Tag Archives: review

Google’s Ngram Viewer exposes Gartner’s Hype Cycles

The Books Ngram Viewer from Google Labs provides a fascinating insight into language usage in the past 200 years. An Ngram is a series of one or more items from a sequence, in this case a word or phrase from a published text. Google’s viewer plots the frequency of occurrence for Ngrams found in books published since 1800. It is possible to narrow the search to specific collections of books or corpus. Available corpora include American English, British English, English Fiction etc. Researchers at Harvard University’s Cultural Observatory have put together some tips for using this data and have invented a new word

Culturomics – The application of high-throughput data collection and analysis to the study of human culture.

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Movabletype 2.661 Entity Relationship Diagram

I have been experimenting with Python 2.3 and MySQL 4.0.13 recently and have been using a copy of my Movabletype 2.661 database as a sandbox. Before I started a spent a few minutes working out the structure of the database. This Entity Relationship Diagram is what I came up with. I expect version 3.0 of Movabletype is different, but just in case anyone else is digging around in Movabletype and could use a map here is a pdf version.
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Online Banking with Quicken for Mac. Why I don’t give a damn about free checking.

One day towards the end of 2000 my wife finally lost her financial patience with me. As she threw a pile of bills and receipts at me she screamed “That’s it! I’m never doing the accounts or paying the bills again. You never collect receipts, you never write a memo in the checkbook, and your work expenses are impossible to understand!” She then stormed out of the room. I was in no doubt that she meant it and she has remained free of the household accounting burden ever since. I unfortunately have not. It is true that until that day I had never balanced a checkbook in my life and habitually threw bank balances in the trash without even opening them – another contributing factor to my wife’s rant. In fact the only time I ever knew my bank balance was when the ATM refused to dispense cash. So it was with great trepidation that I began my fiscally responsible life. I figured that as I had designed and built large financial software systems I ought to be able to use a small one. So after some research I selected Quicken as they had a large share of the market and had a version for Mac.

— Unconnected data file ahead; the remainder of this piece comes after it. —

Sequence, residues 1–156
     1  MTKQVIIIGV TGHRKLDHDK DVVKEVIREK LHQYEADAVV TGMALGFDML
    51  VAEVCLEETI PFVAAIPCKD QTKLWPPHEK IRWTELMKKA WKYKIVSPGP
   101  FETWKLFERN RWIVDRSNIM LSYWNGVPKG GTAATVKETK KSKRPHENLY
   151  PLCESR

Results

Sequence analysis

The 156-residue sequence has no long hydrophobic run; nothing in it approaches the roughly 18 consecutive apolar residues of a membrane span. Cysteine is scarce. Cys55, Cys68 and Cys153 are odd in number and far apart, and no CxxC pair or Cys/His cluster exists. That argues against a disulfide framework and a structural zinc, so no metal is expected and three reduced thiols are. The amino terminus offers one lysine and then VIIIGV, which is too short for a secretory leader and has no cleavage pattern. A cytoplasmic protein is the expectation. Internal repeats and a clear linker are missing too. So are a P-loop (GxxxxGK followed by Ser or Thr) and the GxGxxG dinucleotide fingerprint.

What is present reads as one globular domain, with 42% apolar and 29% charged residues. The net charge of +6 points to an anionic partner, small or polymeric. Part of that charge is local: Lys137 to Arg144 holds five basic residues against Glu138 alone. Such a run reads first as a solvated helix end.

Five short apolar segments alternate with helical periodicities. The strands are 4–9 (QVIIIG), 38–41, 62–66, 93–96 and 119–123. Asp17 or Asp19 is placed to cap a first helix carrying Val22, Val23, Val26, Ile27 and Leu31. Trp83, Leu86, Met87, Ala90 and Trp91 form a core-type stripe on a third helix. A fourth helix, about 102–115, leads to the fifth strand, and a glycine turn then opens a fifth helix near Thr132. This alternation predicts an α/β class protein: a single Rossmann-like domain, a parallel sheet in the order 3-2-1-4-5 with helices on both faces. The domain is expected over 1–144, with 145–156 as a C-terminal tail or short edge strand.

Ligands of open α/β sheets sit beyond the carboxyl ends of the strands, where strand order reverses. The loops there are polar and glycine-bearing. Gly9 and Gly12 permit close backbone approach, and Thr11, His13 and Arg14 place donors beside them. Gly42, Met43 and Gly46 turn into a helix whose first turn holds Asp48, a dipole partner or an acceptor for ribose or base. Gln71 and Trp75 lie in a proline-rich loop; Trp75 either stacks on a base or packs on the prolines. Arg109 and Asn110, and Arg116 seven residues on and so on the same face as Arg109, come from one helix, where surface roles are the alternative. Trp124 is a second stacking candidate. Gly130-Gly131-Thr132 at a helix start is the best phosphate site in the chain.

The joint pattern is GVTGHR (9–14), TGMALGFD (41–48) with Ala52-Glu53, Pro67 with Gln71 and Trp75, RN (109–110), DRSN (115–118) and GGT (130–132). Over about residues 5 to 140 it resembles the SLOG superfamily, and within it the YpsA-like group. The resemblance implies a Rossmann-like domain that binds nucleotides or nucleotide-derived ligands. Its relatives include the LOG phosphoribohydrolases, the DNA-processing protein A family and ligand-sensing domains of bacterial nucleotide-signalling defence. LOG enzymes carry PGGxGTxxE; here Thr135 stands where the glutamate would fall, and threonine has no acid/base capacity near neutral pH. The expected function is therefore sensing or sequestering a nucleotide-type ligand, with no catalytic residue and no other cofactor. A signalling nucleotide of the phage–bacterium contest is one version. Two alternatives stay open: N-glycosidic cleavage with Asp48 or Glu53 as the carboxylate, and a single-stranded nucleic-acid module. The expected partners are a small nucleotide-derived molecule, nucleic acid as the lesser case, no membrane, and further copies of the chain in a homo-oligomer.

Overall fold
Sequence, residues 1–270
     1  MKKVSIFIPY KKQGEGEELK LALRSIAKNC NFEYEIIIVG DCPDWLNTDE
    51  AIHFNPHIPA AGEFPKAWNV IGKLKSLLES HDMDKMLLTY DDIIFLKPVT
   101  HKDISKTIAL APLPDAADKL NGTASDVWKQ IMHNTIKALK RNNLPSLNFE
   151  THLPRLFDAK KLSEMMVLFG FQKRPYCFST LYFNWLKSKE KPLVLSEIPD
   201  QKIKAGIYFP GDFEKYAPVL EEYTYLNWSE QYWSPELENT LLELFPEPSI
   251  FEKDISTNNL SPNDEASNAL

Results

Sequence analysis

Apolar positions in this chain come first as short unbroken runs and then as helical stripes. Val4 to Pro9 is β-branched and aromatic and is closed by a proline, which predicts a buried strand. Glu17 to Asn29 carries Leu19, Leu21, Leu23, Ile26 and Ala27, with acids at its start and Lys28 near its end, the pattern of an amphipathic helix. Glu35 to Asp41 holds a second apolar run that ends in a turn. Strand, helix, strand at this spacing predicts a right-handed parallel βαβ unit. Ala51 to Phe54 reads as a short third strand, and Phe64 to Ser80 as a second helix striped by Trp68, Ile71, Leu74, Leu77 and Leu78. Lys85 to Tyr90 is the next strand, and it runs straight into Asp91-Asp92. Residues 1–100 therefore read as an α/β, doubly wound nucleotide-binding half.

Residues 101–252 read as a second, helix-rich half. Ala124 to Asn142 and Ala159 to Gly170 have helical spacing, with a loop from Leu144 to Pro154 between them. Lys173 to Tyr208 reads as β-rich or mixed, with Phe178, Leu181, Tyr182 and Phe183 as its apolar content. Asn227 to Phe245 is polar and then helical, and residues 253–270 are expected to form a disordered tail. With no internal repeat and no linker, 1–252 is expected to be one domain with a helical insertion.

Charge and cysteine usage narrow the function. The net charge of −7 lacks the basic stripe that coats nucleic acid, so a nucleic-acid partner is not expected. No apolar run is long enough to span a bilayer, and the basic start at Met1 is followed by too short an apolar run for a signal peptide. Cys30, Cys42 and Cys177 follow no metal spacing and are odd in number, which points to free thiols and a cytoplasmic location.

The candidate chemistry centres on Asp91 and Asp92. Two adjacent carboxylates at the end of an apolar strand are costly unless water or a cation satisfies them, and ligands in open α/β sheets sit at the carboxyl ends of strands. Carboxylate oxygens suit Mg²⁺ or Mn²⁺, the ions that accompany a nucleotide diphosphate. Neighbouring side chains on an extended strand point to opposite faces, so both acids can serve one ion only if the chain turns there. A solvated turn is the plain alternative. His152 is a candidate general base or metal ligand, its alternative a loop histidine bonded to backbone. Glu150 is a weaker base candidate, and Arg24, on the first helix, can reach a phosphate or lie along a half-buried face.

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Ontology Review 2: The International System of Units (SI). US Resistance to Adoption of the Metric System

The International System of Units (SI) [72 page pdf Brochure] is maintained by the Bureau International des Poids et Measures at it’s headquarters in Sevres near Paris, France. The Metric System as it is often known has a long history; supposedly invented in 1670 by Gabriel Mouton, a French clergyman, It was adopted by France in 1795 and by the United States in 1866. The system gained international status with the signing of The Convention of the Meter in Paris on 20th May 1875. The U.S. was one of the original seventeen signatory nations and is the only industrialized nation that still does not use the system.

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Linksys BEFW11S4 Wireless-B Broadband Router Problems – Low Reliability and Poor Fault Tolerance


Linksys BEFW11S4 Wireless-B Broadband Router

A few months ago I had to setup a home office and decided I would take the opportunity to upgrade my home network. My Linksys BEFSR41 Etherfast Cable / DSL Router had never given me any problems and so I decided to upgrade to the Linksys BEFW11S4 Wireless-B broadband Router. I now have everything working reliably but getting to this happy state and resolving the problems took a lot of luck and in the end the solution was far from obvious. Judging by the bad reviews on Amazon and elsewhere it appears that many people have been unable to fix similar problems with this device. Below is my description of the problem and a solution that worked for me. Hopefully this will help others, but as always, your mileage may vary!